year, you risk boxing in babies who will then escape to other parts of the
Seal any crevices or cracks with steel wool or caulk, paying extra
attention to openings in dark, secluded spots. You may also want to screen
chimneys and vents, too.
If you have a bat infestation, it will be pretty obvious to you the right way. Active at night, bats use echolocation to find their prey. There’s a good chance you’ll hear their high-pitched squeaking noises!
If you detect an infestation, stay calm and try to isolate the entry point. Once you know how bats are getting in, you can actively work to get rid of the problem.
There are various liquid and gel repellents you can use to repel bats. These are meant to be applied every 30 days or so, and they tend to be nontoxic both to you and to the bats. Instead, they drive bats away with their smell and taste.
You can also use an ultrasonic repellent. An ultrasonic repellent will emit a high-pitched sound wave that will aggravate bats and keep it far away. Sometimes, these are equipped with motion detectors. That way, the noises only activate when a bat flies by.
Many professional bat pest control experts use one way doors made out of mesh netting to remove bats. To use this method simply take netting (usually cut to a size that's roughly twice as wide as the entry point to your your home) and secure the top of the netting to your home and also secure the netting on the sides about half way down.
Leave the netting unattached along the bottom side and edge and allow the loose unattached netting to hang down about 2 feet past the exit point.
The netting works because bats use the airflow from your home to mark the entry point. Since the netting doesn't restrict the airflow they cant figure out how to crawl back up underneath the netting to get back inside your home.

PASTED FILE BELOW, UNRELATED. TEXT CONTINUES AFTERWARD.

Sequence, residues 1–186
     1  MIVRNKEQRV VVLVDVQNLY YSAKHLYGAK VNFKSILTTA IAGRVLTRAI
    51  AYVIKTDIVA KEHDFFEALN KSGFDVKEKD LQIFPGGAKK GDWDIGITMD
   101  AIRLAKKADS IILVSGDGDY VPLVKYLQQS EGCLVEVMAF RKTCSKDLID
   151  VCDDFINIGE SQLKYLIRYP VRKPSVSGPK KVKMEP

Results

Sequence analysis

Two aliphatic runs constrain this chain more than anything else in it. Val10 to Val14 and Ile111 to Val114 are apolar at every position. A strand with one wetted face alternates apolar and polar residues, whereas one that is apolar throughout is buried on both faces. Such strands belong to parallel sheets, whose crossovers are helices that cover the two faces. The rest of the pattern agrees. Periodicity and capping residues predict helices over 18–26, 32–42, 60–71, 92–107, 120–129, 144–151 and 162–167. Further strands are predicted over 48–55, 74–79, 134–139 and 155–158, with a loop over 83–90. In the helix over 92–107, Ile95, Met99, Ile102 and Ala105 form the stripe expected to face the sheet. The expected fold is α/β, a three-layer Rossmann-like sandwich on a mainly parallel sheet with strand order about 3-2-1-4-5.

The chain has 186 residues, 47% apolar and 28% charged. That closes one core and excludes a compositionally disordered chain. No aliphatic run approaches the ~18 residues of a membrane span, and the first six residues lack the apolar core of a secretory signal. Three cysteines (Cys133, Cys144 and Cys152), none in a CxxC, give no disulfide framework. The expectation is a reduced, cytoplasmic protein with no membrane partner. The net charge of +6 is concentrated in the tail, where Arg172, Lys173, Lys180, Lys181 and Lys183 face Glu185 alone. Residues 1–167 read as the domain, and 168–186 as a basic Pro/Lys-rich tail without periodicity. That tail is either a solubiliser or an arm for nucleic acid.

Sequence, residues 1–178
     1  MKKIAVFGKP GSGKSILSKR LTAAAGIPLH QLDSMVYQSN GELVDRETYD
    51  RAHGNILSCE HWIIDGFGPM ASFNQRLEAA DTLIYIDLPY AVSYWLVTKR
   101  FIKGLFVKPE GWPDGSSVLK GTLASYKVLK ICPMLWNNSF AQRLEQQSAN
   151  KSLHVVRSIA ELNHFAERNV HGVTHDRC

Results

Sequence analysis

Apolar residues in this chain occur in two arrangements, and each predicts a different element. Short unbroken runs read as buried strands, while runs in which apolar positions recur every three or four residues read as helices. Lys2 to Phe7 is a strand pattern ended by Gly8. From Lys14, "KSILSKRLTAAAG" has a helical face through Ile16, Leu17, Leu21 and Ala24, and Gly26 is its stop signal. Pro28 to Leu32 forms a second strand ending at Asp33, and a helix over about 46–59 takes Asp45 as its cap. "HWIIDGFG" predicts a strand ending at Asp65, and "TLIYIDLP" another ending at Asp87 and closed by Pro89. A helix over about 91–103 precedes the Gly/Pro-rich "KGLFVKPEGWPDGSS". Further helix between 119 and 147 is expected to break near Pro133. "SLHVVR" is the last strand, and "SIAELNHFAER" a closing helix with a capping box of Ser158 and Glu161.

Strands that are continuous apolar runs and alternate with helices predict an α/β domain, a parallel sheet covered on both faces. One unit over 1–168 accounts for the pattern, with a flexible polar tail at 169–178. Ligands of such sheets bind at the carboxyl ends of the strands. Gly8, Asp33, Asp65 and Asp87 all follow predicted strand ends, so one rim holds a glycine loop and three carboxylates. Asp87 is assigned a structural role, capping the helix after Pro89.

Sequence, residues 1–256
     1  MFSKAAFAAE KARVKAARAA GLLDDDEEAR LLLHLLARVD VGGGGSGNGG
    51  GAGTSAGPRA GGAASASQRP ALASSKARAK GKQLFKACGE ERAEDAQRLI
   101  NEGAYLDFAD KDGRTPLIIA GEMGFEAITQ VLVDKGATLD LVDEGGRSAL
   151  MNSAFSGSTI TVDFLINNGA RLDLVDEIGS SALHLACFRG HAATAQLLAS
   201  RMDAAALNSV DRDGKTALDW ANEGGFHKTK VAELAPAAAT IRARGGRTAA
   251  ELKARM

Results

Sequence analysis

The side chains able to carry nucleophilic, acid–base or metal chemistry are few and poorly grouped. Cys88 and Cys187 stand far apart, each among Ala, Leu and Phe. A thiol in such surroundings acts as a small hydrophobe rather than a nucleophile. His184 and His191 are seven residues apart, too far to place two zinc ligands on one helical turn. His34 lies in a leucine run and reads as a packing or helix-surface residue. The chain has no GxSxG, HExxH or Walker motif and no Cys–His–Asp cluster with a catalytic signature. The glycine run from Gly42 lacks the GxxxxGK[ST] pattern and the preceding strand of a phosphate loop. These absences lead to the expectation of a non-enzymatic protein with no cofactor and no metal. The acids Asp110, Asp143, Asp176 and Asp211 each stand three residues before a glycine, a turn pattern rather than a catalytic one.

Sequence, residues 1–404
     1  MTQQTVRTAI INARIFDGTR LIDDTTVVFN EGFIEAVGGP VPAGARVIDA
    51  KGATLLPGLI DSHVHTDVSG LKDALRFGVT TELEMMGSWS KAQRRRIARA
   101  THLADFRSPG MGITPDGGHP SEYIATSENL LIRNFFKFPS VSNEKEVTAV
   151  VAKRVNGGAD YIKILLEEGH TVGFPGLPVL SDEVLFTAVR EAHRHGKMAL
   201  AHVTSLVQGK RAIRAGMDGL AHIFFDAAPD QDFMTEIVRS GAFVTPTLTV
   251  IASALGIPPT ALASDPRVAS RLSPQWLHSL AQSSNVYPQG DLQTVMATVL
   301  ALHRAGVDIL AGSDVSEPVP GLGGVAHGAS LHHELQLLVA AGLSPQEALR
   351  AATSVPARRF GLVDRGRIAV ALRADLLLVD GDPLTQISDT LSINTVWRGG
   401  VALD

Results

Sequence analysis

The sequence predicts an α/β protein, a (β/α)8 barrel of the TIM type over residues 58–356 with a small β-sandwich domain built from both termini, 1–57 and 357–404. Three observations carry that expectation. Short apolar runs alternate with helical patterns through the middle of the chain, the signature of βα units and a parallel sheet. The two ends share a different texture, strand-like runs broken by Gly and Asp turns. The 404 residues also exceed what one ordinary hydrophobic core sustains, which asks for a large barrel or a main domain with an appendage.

If you were to use plastic, they could find the airflow that comes through the bottom and find their way back inside.......you must use netting!
Once you’re sure the bats are out of your house, you can work to exclude them from your property. Make sure all the bats are out though, as you don’t want to accidentally seal a bat up inside your home. You may need to hire a contractor to complete a full inspection and make sure all entry points are eliminated.
The bats will exit and drop out below the netting but they won't remember how to get back inside because the netting is blocking the entrance.
You might hear the bats bang up against the house a few times as they attempt to find the opening, but they will soon become frustrated a look for somewhere else to live.
Finally, when dealing with bat pest control, it’s important that you keep in mind that this is a hefty task for which you might not be the best equipped. In fact, most homeowners are best off contacting a pest control professional in the case of a bat infestation.
Unlike other kinds of pest infestations, a bat infestation is tricky to deal with because bats are so beneficial for the environment.
If you choose to work with a pest control professional, he or she will have the skills and experience necessary to determine the best methods and timing for getting rid of the bats in your home.
Despite what most horror movies would have you
believe, bats don’t sit around in their caves all day, thinking of how they can
get caught in your hair and suck your blood!
In fact, most bats are totally harmless to people - and would rather be left alone. While you would probably prefer to leave them alone, too, there are certain circumstances in which it’s necessary to get rid of a bat problem in or around your home.
Figuring out the best bat pest control can be a challenge - however, it’s easy to do when you implement a few of these helpful tips.